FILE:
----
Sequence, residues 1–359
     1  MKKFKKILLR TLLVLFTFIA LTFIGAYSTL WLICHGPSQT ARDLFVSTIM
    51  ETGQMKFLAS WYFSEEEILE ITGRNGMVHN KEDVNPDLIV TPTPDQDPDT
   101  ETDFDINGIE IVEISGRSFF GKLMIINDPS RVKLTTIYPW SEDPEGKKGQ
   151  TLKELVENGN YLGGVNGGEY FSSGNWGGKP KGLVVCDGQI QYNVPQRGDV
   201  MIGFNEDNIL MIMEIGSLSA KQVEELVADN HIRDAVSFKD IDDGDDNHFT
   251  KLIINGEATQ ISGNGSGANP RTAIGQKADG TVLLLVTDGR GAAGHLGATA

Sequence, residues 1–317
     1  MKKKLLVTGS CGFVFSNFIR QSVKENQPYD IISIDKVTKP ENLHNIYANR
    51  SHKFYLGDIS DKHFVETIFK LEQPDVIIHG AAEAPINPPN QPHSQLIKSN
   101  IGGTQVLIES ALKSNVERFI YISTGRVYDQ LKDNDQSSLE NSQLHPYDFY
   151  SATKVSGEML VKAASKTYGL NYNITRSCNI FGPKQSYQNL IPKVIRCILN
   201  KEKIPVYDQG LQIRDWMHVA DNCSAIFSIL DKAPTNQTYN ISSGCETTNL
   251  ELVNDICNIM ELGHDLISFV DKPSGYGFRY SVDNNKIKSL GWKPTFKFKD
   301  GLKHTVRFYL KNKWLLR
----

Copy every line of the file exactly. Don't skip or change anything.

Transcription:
Sequence, residues 1–359
     1  MKKFKKILLR TLLVLFTFIA LTFIGAYSTL WLICHGPSQT ARDLFVSTIM
    51  ETGQMKFLAS WYFSEEEILE ITGRNGMVHN KEDVNPDLIV TPTPDQDPDT
   101  ETDFDINGIE IVEISGRSFF GKLMIINDPS RVKLTTIYPW SEDPEGKKGQ
   151  TLKELVENGN YLGGVNGGEY FSSGNWGGKP KGLVVCDGQI QYNVPQRGDV
   201  MIGFNEDNIL MIMEIGSLSA KQVEELVADN HIRDAVSFKD IDDGDDNHFT
   251  KLIINGEATQ ISGNGSGANP RTAIGQKADG TVLLLVTDGR GAAGHLGATA

Sequence, residues 1–317
     1  MKKKLLVTGS CGFVFSNFIR QSVKENQPYD IISIDKVTKP ENLHNIYANR
    51  SHKFYLGDIS DKHFVETIFK LEQPDVIIHG AAEAPINPPN QPHSQLIKSN
   101  IGGTQVLIES ALKSNVERFI YISTGRVYDQ LKDNDQSSLE NSQLHPYDFY
   151  SATKVSGEML VKAASKTYGL NYNITRSCNI FGPKQSYQNL IPKVIRCILN
   201  KEKIPVYDQG LQIRDWMHVA DNCSAIFSIL DKAPTNQTYN ISSGCETTNL
   251  ELVNDICNIM ELGHDLISFV DKPSGYGFRY SVDNNKIKSL GWKPTFKFKD
   301  GLKHTVRFYL KNKWLLR